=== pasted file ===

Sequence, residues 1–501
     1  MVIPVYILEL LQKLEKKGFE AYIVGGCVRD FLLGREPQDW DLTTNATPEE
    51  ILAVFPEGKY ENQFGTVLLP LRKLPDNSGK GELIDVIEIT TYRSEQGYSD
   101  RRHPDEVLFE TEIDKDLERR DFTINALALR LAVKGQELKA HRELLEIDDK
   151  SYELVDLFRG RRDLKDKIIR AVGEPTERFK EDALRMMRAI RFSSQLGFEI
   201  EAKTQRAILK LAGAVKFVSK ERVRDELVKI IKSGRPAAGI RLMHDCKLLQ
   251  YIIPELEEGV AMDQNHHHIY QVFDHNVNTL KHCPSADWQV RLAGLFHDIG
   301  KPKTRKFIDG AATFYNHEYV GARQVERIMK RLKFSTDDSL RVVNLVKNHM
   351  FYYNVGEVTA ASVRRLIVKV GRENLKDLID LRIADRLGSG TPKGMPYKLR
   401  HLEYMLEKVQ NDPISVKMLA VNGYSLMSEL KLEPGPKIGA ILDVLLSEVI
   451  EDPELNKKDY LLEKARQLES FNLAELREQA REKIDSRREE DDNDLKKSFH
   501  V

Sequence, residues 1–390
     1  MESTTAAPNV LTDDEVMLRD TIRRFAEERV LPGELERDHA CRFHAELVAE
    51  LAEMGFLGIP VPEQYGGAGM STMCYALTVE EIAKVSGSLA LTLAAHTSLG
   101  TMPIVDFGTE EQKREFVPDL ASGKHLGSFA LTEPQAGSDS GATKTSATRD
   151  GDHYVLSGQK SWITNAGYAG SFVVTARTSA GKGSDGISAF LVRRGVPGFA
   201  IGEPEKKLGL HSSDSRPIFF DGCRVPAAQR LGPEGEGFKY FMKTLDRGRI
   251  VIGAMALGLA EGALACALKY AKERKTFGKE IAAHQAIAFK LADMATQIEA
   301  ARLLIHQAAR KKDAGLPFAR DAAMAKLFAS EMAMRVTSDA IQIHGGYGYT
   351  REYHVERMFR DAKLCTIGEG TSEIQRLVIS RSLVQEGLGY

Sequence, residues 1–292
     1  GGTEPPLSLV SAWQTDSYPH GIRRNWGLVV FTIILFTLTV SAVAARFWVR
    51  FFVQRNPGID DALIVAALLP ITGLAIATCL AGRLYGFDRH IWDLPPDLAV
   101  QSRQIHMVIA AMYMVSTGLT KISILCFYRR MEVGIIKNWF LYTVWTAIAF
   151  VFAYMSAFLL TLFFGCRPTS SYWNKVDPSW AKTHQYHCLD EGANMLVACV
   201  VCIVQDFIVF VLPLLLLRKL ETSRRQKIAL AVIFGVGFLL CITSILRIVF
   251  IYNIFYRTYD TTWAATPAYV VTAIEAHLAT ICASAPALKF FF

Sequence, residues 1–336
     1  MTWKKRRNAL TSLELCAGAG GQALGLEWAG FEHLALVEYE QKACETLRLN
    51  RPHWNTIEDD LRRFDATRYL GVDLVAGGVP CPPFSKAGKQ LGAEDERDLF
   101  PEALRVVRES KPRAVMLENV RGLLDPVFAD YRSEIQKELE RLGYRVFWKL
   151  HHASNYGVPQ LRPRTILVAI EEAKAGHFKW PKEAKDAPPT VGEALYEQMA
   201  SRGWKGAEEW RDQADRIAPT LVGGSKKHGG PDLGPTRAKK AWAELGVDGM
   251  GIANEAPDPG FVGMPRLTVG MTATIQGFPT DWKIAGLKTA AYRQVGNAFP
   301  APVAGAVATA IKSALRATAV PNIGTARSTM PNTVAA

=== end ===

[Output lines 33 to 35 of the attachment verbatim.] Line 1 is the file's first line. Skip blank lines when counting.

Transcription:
   151  HHASNYGVPQ LRPRTILVAI EEAKAGHFKW PKEAKDAPPT VGEALYEQMA
   201  SRGWKGAEEW RDQADRIAPT LVGGSKKHGG PDLGPTRAKK AWAELGVDGM
   251  GIANEAPDPG FVGMPRLTVG MTATIQGFPT DWKIAGLKTA AYRQVGNAFP